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Faith, In All Forms, a Regular Topic for 2020 Democratic Candidates


The Democrats hoping to win their party’s nomination for president represent the most diverse field in history. Along with age, race, and sexual orientation, the candidates also come with a broad range of religious and spiritual beliefs. As they make their way across New Hampshire, some candidates are talking about those beliefs in ways Democrats usually don’t.

For the past 50 or so years in America, openly blending faith and politics has largely been the domain of the religious right. But some Democrats this cycle, including South Bend, Indiana Mayor Pete Buttigieg, are making faith a central theme in their pitch to voters. 

“I’m pretty sure God doesn’t belong to a political party,” said Buttigieg during a rally in Exeter earlier this year. “And if he did, I can’t imagine it would be the one in charge of the White House today.”

Another candidate, New Jersey Sen. Cory Booker, seamlessly quotes Bible verses, and talks about faith as a driving force in his life.

“So I’m one of these people that says before you tell me about your religion, you should show it to me in how you treat other people,” said Booker to a crowd in Concord. “And there is a very big value in my faith, Matthew 25, about ‘I was in prison and you visited me.”’ 

Credit Sara Plourde / NHPR

This expression of religious faith isn’t just from Christian candidates. The 2020 field includes less represented religions in America, including candidates that in decades past may have downplayed their religion, such as Hawaii Congresswoman Tulsi Gabbard.

“I took my oath of office on the Bhagavad Gita, when I was first sworn in Congress in 2012. I am a practicing Hindu, and my spiritual practice, my relationship with God, is something that is near and dear to my heart,” said Gabbard during stop at the Rockingham County Democrats headquarters. 

So what’s changed? Why are some Democrats working hard to highlight their religious values? Dartmouth religion professor Randall Balmer says it’s in part a reaction to what progressives see as the moral failings of President Trump.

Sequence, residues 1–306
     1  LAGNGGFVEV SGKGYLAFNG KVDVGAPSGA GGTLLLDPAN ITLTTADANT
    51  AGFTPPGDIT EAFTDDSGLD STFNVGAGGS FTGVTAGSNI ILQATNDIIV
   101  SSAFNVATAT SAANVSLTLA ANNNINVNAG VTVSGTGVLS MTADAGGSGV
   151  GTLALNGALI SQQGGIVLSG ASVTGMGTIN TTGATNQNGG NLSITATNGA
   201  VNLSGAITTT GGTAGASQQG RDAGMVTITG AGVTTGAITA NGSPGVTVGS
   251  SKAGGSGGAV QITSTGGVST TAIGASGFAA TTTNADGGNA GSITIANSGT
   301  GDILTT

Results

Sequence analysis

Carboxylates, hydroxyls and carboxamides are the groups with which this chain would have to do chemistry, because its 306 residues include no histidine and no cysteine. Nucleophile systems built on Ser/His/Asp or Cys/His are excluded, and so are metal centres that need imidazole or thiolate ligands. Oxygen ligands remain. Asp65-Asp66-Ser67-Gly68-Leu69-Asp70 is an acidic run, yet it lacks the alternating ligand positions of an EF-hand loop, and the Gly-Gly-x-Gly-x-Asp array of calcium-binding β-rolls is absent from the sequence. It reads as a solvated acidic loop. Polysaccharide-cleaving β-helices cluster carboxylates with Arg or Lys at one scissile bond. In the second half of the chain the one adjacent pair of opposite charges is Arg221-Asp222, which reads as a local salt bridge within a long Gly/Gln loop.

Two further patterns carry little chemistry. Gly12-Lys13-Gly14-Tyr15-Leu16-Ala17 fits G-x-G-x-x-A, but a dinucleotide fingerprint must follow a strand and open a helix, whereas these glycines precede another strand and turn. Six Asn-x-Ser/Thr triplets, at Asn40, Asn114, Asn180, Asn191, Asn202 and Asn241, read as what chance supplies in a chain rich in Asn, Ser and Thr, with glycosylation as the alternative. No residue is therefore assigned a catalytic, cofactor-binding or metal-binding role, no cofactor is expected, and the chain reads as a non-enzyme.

Credit Allegra Boverman for NHPR
Sen. Cory Booker speaking during the state Democratic party's convention in September.

“I think Americans in 2020, just as they did in 1976, and again in 2000, are looking for what I call a ‘redeemer president.’ That is, we are looking for a candidate for president who has a moral compass,” says Balmer.

In 1976, the sour aftertaste of Watergate helped push a religious Democrat, Jimmy Carter, to the White House. In 2000, with the scandals of the Clinton Administration still fresh, George W. Bush, a born-again Christian, spoke frequently about his religious convictions. 

Balmer says Democrats are appalled by the Trump Administration’s policies, and candidates would be smart to position themselves as ethical antidotes.

“Frankly, I’ve been astonished that more of the Democratic candidates for the nomination have not been speaking this language of faith and morality in talking about their politics,” says Balmer.

That strategy could be a risk in New Hampshire, though, a state that routinely ranks last in religious participation, which includes metrics about how often people go to church, or pray. 

“You can be whatever you want to be, just don’t force it down my throat,” said Susan Hocking of Walpole outside of a recent rally for Elizabeth Warren in Keene. Hocking was wearing a t-shirt with an image from the Handmaid's Tale, a book about a dystopian theocracy.  

But other Democrats at the Warren event say they are okay with more open displays of faith from their candidates, as long as it is backed up by action. 

“I’d like to see spirituality talked about on more than a book-level, more than a big guy in the sky-level. I would like to see people talk about spirituality in a way to connect to other human beings on this Earth,” said Allison Blouin of Keene.

"You can be whatever you want to be, just don't force it down my throat." — Susan Hocking

Some candidates this cycle are talking about their own forms of spirituality, while skewing away from traditional religious descriptions.

For example, Ohio Congressman Tim Ryan is quick to bring up his meditation practice on the campaign trail. During an event in Concord, Ryan told the crowd about mentioning to his staff that he was interested in writing a book. 

“And they are like, fantastic idea. What are you going to write about? I said, mindfulness meditation. And they said, are you friggin’ crazy?” 

Credit Todd Bookman/NHPR
Tulsi Gabbard during an event in Exeter.

And then there is Marianne Williamson, an author whose works are often found in the spiritual section of bookstores. Her stump speech is sprinkled with language about consciousness and unseen forces.  

“It’s traumatizing: the chaos in his mind is traumatizing,” she told students on the campus of New England College in Henniker. “And the peace in the next president will be very healing.”

Spiritual healing isn’t a typical Democratic talking point, but the 2020 candidates may be wise to offer voters someone they can believe in.

Todd started as a news correspondent with NHPR in 2009. He spent nearly a decade in the non-profit world, working with international development agencies and anti-poverty groups. He holds a master’s degree in public administration from Columbia University. He can be reached at
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